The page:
The Keeper of the Leeches or Essential Leech Research
Someone got the leeches? Leeches? My grandmother had a taste for gore and told me in detail. They’d bite into you and suck away your blood, which was very handy for great Uncle Jimmy because sometimes his black eyes swelled up so much he couldn’t actually open them.
Swansea is still the place for leeches I found out a couple of years ago when I was researching for my last novel. The descendants of great Uncle Jimmy’s little helpers stock one of the largest suppliers of medicinal leeches in the world. They are used in plastic surgery to stop sewn-on parts becoming engorged with blood and dropping off again: although the thick-walled arteries can be joined, the thinner walled veins cannot. So until the veins re-establish themselves blood can come in but can’t come back out - hence the leeches.
However the woman at the leech farm obviously viewed my request to try one out with suspicion.
“I’m writing a book about a nineteenth century psychiatrist called Dr Hoffmann and there’s a very important leech scene.”
“I don’t see how we can help.”
“I want to feel one suck my blood.”
It was then that her voice changed; they didn’t do that sort of thing and no she couldn’t tell me any nearby hospitals that were customers either. After that I had the impression that the phone receiver had been replaced quite firmly.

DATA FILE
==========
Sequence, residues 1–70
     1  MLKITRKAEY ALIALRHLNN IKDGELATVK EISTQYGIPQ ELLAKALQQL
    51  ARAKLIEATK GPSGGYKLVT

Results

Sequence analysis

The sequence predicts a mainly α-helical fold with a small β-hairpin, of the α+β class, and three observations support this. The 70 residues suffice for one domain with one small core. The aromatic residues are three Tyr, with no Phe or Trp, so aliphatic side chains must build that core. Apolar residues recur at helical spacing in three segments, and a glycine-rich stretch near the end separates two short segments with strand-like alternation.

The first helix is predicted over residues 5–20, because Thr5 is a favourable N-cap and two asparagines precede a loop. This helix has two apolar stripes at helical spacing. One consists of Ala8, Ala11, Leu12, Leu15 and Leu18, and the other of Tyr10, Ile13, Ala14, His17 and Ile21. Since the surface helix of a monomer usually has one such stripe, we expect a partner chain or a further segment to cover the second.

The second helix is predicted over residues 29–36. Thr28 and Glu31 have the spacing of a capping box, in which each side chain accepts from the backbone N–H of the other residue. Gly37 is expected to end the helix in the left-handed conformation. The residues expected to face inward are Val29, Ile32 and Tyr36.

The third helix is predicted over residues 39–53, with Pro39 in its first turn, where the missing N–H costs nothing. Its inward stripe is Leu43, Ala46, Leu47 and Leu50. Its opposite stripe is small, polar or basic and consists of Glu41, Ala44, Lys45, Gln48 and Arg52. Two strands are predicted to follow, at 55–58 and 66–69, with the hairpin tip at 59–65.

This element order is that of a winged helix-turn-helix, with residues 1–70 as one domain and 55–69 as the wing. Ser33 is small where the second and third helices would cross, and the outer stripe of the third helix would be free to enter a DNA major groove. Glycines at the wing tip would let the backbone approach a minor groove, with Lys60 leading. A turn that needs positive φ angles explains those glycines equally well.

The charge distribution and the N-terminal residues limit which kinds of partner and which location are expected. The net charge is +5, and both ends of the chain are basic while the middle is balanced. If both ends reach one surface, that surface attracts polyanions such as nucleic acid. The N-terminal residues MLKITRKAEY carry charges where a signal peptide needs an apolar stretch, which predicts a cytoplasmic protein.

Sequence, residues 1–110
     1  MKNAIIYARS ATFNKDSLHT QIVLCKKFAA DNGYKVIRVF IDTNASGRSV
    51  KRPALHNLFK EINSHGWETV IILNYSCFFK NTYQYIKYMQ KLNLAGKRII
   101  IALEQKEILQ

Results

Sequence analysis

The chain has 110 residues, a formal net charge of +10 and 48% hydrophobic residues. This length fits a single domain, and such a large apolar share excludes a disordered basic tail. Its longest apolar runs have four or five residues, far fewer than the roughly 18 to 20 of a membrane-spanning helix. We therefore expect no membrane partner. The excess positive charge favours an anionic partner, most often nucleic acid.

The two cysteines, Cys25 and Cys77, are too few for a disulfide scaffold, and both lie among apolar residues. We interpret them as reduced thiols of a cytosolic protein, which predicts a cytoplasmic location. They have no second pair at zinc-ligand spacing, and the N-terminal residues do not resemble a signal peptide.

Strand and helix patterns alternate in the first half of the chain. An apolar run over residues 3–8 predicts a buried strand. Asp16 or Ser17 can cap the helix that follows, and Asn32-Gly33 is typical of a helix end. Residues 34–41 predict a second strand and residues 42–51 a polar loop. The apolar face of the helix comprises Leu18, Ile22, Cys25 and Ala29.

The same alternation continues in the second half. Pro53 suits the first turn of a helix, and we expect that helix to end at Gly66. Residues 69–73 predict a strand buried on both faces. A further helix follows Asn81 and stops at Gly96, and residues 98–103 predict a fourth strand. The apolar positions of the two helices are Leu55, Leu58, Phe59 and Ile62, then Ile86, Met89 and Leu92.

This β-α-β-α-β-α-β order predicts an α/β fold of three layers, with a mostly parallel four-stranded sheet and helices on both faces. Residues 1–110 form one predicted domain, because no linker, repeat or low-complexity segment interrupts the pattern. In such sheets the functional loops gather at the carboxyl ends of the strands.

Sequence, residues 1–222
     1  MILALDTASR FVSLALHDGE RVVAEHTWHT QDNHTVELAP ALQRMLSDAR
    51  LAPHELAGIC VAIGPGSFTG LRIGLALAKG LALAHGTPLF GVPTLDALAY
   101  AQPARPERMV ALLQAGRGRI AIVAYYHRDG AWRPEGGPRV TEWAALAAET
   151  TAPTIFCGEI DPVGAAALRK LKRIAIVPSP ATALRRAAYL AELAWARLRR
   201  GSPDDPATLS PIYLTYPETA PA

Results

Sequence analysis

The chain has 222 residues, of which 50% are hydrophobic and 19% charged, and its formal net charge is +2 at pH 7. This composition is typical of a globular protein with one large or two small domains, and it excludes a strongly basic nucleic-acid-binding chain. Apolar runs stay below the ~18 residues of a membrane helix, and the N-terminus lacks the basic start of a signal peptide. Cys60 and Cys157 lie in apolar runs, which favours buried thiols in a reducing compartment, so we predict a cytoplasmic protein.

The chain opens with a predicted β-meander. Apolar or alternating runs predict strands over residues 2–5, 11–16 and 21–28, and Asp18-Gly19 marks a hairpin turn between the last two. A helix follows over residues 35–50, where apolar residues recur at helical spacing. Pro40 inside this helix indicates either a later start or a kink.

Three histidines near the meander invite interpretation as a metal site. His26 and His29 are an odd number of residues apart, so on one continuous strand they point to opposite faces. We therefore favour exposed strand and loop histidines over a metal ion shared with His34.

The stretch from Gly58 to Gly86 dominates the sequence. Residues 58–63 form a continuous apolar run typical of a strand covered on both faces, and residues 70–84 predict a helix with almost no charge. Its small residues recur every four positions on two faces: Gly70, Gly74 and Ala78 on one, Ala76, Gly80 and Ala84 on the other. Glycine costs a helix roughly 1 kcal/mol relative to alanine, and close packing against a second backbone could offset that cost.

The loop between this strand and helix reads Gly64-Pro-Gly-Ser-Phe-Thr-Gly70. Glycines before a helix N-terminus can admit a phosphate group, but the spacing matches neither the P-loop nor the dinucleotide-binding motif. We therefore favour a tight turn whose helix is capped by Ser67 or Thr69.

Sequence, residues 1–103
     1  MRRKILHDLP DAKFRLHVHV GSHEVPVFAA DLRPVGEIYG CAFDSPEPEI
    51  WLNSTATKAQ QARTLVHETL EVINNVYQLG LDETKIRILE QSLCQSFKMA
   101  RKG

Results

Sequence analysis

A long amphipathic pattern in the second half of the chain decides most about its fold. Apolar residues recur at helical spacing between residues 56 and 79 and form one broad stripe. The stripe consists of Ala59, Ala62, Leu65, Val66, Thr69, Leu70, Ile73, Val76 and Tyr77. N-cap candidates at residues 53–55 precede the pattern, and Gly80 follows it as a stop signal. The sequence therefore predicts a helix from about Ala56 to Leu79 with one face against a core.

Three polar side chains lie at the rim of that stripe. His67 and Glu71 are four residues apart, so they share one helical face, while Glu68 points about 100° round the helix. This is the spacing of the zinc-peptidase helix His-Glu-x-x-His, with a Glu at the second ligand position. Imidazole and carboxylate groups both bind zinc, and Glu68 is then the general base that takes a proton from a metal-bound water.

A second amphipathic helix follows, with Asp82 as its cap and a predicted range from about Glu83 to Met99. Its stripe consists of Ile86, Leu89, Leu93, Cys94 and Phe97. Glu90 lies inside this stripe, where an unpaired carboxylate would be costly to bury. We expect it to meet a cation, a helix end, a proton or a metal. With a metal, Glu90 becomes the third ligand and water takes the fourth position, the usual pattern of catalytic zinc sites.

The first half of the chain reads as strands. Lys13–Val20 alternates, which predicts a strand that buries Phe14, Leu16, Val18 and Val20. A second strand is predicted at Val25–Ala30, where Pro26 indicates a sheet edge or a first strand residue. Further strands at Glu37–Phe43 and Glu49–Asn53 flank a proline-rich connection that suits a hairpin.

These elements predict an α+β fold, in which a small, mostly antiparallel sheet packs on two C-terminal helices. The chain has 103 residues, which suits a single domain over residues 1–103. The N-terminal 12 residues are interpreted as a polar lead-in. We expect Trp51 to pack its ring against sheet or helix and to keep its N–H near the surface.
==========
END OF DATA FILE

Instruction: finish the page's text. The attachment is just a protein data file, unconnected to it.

And so the leech quest continued. Eventually, after many emails, letters and Google searches I arrived at a Burns Unit on Merseyside. An interview with a consultant there, Mr Kevin Hancock (who answered all my questions including ‘most funny leech story’), was followed by a trip to the pharmacy. Apparently leeches are ordered on prescription - two aspirins and three leeches - so the pharmacy is the logical place to keep them. And there I met Marina Jennick, a girl whose enthusiasm for our little squirmy friends is matched only by my own.
Leeches are truly remarkable creatures. They are kept on the sort of gel that is used to keep hanging baskets damp and they are kept cold and hungry. It is not a happy life. Once warm they move in the tank like molten wax in a lava lamp, transforming in water into flat strips of rippling tagliatelle, and on your hand they anchor themselves with an amazing and disturbing tenacity while their heads search for blood. For some time we admired them: the microscopically tiny three rows of teeth shaped like a Mercedes symbol to maximise blood flow; the strength of that grip; the chemical that prevents blood coagulation for at least twelve hours; and their functional elegance. They are beautiful because they are perfectly designed for what they do and apart from curing black eyes they resurrect lives that have temporarily fallen apart: the severed finger of the man at the vice, the skin graft of a child badly burned and the reconstructive surgery for a woman recovering from breast cancer. For controlled blood-letting after surgery the ancient medicinal leech is a distinctive cut above the rest.